Getting in the mood for some food? Well, good food goes down better with a drink.
BT Murrayfield will provide you with a wide array of options, ranging from several types of beer (Guinness, Tennents, alcoholic and non-alcoholic), ciders, champagne and non-alcoholic options (the local "Irn-Bru" being the most exotic of them all). These drinks will be available from huge bars, divided between bottles and tap options. This provides for seamless ordering and efficiency. You'll probably have the shortest wait time for a drink in the northern sports hemisphere.
Done with food, alcohol and sodas? Looking for a good close to your meal and sports experience? Get yourself a great latte or strong espresso from the full coffee bar. Now that's something to look forward to!
In the majestic stadium, the atmosphere will depend on the outcome of the game. But be aware, it will either be great or fantastic. If you're a frequent visitor of football games, soccer games, or any sport in general, you will be amazed by the natural and foremost friendly atmosphere during the game. First, there's the build up to the start of the game, which most probably will be accompanied by fireworks. Outside the stadium, a broad set of crowd activating events will take place, such as cheerleaders to get people loose and have them dancing to pop tunes. Also, the arrival of both teams is accompanied by a drum band and a big crowd anticipation. Before and after the game, you will also find bands playing live music, making the ground and its surroundings feel more like a festival ground than a sports venue.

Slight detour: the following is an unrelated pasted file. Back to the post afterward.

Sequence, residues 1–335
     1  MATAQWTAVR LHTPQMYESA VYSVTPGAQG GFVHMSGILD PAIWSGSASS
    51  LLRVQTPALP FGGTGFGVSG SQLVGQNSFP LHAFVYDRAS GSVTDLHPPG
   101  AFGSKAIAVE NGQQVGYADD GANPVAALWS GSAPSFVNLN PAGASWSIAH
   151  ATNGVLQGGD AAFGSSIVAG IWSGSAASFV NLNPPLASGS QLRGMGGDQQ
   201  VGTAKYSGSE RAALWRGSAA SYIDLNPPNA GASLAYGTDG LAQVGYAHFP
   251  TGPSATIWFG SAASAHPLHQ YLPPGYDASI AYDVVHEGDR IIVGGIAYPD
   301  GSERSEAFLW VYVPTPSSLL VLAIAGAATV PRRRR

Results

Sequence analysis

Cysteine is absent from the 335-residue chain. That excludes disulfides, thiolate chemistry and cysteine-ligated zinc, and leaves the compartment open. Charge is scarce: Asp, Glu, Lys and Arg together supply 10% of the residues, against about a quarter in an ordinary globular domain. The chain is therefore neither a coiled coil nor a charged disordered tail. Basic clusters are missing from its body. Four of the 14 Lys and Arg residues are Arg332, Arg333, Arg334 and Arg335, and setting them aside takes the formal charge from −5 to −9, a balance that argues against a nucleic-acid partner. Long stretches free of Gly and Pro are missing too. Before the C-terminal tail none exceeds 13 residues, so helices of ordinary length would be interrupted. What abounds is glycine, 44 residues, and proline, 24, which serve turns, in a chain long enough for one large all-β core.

Just before the game, as the teams are on the field, you will probably get goosebumps when the crowd sings along with 'Flower of Scotland,' the national anthem. This is absolutely an amazing feeling. If you visit, learn the lyrics beforehand to enhance your experience!
During the game, the crowd will get pumped with every score, great move, penalty kick, and most certainly with a Scotland win! But be aware, there almost certainly will be a big away support as well, which will increase a friendly rival atmosphere.
The most notable game to watch is when England comes to town. England and Scotland have been arch rivals forever and this will absolutely get the crowd riled up.
The direct neighborhood of the stadium is a laid back area, with a couple of pubs where you can enjoy a good afternoon. On the other side of the railway track, you can head into Tynecastle Stadium, home of the famous Heart of Midlothian football club (better known as 'Hearts'). Tynecastle is only a couple of hundred meters away from Murrayfield.